We went there not long after it opened, on a Sunday again as it happens. The waiter took our drinks order and then arrived back with our drinks shortly afterwards. He told us he would be back to take our order- 45 mins later and numerous attempts to get anyones attention while tables were cleaned around us and bills paid we eventually got his attention and asked for the drinks bill and promptly headed for Gustos. Will not be attempting to eat in the Hub again.

Mike HomfrayJune 7th 2011.

We had a much better experience last week - my fish and chips were very good and the puddings were both excellent. Good Belgian beers as well

AnonymousJune 7th 2011.

We had a good time there too, a while ago, but it looks like a Sunday issue. People flock to the Liverpool One on Sunday now, more than ever, so you can't take your eye off the ball then.

Nice write-up of a messy experience and yet, like Mr McQuillian, for some reason it wouldn't stop me going back. Not Sunday though! Weird I guess.

Mark Friend - Hub OwnerJune 8th 2011.

As the owner of The Hub Alehouse and Kitchen it pains me to read such a review, and in all honesty I think it could possibly have been harsher, so thank you for that!

Every Restaurant owner who cares about what they do has sleepless nights over poor reviews, so I guess that tonight it's my turn to toss and turn till the early hours.

Your comments will be used to further our staff training programme, so again, thanks. The Hub has been open for almost 4 months and like most new openings it has had its teething problems......so no excuses, hands up, sorry for those occassions when we got it wrong.

From day one it has been, quite unexpectedly, a hugely busy venue and to be totally honest I would have preferred (and expected) a slower build to trade so that everyone could settle in at a comfortable pace....this was not meant to be!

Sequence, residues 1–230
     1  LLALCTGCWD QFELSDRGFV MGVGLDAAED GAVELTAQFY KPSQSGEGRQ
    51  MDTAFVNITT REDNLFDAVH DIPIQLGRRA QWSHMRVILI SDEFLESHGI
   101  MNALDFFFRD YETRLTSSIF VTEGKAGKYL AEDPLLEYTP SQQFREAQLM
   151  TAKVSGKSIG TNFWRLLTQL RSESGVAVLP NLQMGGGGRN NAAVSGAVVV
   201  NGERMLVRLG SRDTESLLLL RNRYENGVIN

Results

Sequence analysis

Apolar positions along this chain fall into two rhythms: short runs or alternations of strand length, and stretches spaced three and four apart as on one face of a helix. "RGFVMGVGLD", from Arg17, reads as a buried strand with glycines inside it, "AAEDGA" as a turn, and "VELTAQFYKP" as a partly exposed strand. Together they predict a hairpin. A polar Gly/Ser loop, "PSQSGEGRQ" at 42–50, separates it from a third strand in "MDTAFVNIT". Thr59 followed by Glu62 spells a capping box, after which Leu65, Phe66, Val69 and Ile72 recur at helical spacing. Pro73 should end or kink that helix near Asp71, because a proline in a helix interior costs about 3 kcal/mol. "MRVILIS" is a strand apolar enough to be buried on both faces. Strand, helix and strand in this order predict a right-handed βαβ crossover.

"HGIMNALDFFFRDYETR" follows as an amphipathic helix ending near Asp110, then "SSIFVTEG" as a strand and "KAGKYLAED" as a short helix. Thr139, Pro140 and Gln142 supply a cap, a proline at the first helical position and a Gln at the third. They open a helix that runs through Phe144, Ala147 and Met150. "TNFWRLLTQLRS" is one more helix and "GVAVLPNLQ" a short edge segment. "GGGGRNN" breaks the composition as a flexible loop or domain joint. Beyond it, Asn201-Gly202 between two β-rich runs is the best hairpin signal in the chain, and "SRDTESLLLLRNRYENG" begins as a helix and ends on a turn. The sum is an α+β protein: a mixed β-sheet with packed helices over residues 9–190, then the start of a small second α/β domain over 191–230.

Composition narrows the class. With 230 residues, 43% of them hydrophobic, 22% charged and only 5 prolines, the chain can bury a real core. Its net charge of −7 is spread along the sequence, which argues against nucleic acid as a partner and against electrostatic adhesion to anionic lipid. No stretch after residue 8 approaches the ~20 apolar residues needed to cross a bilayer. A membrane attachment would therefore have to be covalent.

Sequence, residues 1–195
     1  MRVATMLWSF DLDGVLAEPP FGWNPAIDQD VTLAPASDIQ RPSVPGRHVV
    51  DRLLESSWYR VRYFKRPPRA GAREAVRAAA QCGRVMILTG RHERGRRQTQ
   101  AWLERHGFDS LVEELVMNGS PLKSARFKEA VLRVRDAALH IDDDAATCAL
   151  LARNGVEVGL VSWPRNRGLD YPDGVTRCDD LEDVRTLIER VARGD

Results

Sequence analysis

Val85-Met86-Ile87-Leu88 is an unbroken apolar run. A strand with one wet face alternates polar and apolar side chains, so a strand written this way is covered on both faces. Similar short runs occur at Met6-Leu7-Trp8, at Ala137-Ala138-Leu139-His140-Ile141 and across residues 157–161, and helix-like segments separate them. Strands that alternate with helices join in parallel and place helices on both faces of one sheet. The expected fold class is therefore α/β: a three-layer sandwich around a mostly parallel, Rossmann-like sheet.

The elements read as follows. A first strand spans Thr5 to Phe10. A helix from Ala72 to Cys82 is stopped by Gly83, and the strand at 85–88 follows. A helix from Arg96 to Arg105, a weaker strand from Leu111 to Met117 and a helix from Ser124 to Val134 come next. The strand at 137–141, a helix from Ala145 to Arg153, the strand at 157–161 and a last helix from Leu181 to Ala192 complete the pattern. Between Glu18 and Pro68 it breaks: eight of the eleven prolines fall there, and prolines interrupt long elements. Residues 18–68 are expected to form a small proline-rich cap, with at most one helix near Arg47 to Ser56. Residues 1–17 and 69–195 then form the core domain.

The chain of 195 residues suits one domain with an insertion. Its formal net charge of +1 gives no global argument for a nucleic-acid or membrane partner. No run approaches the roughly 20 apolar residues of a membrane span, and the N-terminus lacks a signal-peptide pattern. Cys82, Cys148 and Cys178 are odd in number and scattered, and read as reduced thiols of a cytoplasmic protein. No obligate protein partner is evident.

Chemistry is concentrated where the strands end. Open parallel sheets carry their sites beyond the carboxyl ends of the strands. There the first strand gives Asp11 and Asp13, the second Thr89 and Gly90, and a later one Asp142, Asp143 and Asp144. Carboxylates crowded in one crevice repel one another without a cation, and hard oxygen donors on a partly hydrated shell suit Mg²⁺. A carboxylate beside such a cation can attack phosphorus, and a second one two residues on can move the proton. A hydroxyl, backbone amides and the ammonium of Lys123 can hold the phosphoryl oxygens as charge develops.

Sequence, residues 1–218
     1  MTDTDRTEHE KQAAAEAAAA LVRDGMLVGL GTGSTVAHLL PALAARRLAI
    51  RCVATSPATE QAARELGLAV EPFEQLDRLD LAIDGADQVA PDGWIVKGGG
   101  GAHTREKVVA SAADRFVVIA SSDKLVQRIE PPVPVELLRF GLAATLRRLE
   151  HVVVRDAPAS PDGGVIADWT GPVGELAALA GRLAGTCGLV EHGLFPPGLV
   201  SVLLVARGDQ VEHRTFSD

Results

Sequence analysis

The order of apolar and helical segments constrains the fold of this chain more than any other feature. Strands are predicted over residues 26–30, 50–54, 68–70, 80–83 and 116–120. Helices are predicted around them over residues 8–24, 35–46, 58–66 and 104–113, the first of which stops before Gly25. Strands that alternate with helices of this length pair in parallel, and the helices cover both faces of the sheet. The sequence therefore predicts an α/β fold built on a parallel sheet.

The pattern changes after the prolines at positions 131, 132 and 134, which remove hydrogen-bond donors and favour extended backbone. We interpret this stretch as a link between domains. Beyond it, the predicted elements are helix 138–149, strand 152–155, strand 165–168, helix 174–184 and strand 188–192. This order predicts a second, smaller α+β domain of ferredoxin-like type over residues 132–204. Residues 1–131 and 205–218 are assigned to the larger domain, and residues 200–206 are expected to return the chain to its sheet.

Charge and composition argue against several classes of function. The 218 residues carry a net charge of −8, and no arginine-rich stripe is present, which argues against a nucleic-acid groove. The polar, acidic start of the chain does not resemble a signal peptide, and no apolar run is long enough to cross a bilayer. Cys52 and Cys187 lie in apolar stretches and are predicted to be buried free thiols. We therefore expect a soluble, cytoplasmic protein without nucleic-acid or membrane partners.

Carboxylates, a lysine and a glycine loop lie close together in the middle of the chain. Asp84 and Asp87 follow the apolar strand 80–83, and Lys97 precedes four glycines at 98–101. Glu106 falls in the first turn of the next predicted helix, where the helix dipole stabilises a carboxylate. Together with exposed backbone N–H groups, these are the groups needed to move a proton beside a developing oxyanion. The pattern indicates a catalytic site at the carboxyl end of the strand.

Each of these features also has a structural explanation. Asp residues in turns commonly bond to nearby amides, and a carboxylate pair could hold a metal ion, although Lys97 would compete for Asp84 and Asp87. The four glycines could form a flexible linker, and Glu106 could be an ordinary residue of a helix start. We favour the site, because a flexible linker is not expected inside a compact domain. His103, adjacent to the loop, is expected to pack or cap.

Four months later and I'm really pleased and comfortable with the standard of food and service at The Hub. I'd be telling you porkies if I said that that we are getting it perfect every time, but almost every time is the truth, which means we're getting close to where we want to be.

Anyway, I'll stop rabbiting and sign off....thanks for your honest review and to all our customers who have kept The Hub a busy and fun place to visit!

EditorialJune 8th 2011.

Well said, Mark. Onward and up.

JohnJune 9th 2011.

Well i'll be blown, that surprises me, i've been loads now and each time it's been great even on a sunday the roast is out of this world

Reader XxxJune 20th 2011.

What a positive response from the owner. It makes me want to eat there.

Hero
Mark GarnerJune 24th 2011.

Well said Mr. Friend; Other restaurant owners take note. I tell my staff to look for criticism in what they do, listen and learn. That is what makes us stronger. Next meal for me in Liverpool is with you guys.

AnonymousJune 24th 2011.

That comment makes me want to eat there as well, really positive! I'm going next week now!

Ian Charles CarruthersJuly 5th 2011.